Saturday, July 12, 2014

I Take Back What I Said About Mother's Day...or The Disappearing Summers

Recently I read and reviewed a book that may be made into a movie soon called Just 18 Summers. It was about a concept I'd been pondering a lot lately: that we have a limited amount of time with our kids to teach them, to make memories, to prepare them for life. That's been hitting home to me because my oldest will be 14 and entering her last year of middle school in the fall. My time with her is waning. And her sister is only a year behind her. I struggle with the constant battle of wanting to seize and savor every moment yet being tired from the constant pull of every day life in contrast to the bleak job of every parent: to make themselves obsolete so their kids can enter adult life independent and prepared.

I've always been big on summer fun. Since my oldest started kindergarten, I looked at summers as a way to spend time together and make memories she'd carry with her for a lifetime. And summers from school are a poignant reminder of the clock ticking. When they are preschoolers, each day rolls into the next day and before you know it, a year has passed, then two. But once they go off to school and summer comes, you know you have 3 months (or less) to have fun, make memories, take vacations, teach them things they can't learn in school and just enjoy them.

In recent days/years, I've been guilty of counting down til school starts back. I'm tired. My son has special needs and requires a huge amount of attention. And because I've been so diligent about trying to make all things equal between my kids, the girls expect equal attention and I get overloaded.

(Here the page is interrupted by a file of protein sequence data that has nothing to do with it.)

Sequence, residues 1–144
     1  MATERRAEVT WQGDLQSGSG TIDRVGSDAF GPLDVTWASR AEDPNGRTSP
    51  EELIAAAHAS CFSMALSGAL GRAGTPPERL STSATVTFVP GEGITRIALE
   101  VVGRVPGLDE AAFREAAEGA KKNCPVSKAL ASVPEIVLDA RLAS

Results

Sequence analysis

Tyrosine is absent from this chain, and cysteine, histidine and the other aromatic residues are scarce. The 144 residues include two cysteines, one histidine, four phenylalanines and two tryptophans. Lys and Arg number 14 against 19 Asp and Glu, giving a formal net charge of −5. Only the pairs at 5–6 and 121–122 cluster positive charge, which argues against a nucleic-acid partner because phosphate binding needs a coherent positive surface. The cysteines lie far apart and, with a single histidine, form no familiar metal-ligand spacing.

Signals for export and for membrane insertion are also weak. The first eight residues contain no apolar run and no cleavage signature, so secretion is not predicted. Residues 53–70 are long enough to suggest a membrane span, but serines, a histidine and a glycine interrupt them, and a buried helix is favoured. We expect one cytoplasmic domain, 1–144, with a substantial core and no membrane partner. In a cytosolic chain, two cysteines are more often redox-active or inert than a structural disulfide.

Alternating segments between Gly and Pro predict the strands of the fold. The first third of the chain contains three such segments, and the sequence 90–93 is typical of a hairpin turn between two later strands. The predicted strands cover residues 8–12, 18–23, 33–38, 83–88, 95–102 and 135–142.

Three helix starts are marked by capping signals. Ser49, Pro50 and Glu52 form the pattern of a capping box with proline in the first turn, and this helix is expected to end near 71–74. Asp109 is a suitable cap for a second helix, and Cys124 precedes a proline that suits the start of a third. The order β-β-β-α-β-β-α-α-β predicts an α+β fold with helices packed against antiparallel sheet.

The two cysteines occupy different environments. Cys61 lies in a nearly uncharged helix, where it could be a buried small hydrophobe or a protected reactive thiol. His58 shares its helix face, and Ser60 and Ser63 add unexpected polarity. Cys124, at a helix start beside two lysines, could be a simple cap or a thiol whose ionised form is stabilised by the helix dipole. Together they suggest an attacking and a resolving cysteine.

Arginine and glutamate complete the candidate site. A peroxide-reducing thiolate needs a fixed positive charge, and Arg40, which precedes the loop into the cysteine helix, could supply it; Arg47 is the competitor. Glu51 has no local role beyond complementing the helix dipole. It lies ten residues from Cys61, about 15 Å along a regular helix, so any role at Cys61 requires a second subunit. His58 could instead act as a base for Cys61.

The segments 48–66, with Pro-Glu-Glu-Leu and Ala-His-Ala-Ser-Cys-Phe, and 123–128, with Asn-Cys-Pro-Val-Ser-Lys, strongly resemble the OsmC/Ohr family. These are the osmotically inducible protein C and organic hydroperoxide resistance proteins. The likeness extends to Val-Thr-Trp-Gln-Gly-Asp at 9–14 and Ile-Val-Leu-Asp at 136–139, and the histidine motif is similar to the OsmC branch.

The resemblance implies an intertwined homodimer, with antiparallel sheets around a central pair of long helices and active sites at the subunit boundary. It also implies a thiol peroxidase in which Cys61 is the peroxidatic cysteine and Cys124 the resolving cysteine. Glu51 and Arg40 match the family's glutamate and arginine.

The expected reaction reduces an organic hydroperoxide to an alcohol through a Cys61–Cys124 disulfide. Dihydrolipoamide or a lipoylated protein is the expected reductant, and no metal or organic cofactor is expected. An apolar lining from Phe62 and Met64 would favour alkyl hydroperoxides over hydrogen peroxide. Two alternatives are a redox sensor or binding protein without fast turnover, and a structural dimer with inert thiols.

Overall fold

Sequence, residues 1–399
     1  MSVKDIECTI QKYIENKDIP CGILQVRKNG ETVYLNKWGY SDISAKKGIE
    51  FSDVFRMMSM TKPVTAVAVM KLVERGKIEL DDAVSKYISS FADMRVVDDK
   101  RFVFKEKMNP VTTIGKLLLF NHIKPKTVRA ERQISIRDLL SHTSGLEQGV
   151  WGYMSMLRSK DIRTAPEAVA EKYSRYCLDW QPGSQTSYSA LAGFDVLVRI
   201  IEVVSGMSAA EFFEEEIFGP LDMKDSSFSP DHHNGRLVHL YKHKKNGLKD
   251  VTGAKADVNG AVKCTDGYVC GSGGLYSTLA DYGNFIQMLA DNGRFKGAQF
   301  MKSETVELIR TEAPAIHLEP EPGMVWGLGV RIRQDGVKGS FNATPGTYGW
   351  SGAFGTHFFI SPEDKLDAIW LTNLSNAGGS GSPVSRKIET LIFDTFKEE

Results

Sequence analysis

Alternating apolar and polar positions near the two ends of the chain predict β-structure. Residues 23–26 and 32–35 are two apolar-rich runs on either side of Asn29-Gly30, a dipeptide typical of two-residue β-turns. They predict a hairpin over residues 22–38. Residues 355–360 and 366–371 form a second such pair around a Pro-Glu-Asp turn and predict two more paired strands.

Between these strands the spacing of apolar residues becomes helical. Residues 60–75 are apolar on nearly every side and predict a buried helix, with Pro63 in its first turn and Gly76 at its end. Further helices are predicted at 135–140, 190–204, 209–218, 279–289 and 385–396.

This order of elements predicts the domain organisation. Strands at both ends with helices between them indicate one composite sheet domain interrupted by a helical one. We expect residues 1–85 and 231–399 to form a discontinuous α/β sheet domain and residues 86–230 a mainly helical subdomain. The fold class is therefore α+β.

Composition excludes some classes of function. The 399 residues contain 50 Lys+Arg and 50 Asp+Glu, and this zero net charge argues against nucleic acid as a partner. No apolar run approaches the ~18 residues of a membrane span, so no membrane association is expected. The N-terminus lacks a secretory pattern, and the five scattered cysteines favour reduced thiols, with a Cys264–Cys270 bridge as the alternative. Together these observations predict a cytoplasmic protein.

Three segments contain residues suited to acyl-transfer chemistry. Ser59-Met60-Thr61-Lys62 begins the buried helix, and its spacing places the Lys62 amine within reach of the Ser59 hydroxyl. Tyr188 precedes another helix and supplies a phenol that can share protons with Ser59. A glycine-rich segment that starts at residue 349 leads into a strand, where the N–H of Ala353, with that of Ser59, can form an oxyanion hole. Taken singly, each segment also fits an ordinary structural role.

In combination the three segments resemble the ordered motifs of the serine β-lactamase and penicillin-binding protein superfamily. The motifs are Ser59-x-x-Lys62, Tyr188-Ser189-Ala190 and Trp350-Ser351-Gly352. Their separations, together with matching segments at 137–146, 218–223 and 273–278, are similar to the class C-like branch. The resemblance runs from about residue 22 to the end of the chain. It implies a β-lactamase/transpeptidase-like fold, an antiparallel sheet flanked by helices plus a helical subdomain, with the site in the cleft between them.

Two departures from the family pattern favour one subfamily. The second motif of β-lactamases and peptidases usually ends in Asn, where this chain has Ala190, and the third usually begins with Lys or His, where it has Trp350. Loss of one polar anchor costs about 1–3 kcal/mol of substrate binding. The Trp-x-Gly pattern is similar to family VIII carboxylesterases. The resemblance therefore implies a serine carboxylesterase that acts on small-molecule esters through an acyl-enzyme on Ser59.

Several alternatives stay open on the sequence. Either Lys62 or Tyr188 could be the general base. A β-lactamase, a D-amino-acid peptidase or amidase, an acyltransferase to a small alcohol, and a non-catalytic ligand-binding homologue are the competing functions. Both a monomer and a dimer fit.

Last summer, I'd planned to get back to my usual summer fun and planned out some activities, made a calendar of events, etc.  But then I had surgery and recovery was harder than I expected. We did go camping in Branson and had fun but I wanted more.

The last post I published on this blog (I've written a couple of others, especially explaining our life right now, just haven't hit that "publish" button yet) was about wanting to boycott Mother's Day because I felt disrespected by my children and didn't want fake, expected tokens. I can assure you I was forced to eat my words later. I think the day after I wrote that blog, my son's therapist recommended long-term residential treatment. The guilt for what I'd written about Mother's Day was nearly as bad as the pain of the idea of sending my 9-year-old off to the care of strangers. To say I was inconsolable is an understatement. The series of events that have followed have left us broken. Financial difficulty, difficult decisions, two short-term hospitalizations for my son, my daughter struggling with inner demons as well as high blood pressure we can't get control of, custody court battle, and job chaos, just to name a few. The list doesn't do justice to the amount of turmoil it represents.

I had high hopes for this summer. My girls were in summer school to get ahead and prepare for advanced classes that would give them high school credit in middle school. They also went to camp. But, in the 6 remaining weeks of summer, I had plans, lists, calendars, and even a Pinterest board. Let the fun begin! Memories and life lessons!

But, I hurt my back. My son injured my back a couple of months ago but I somehow re-injured it so that it became excruciating. Top three on my pain repertoire. 8.0 on the Richter scale. So, my mobility was severely limited. The past couple of weeks, I've been going to doctor/chiropractor appointments, taking meds that knock me out, and laid up in bed. But, now that it's starting to get better, I've been chomping at the bit to get out and do some activities! My daughter even has a Pinterest board called her "summer bucket list."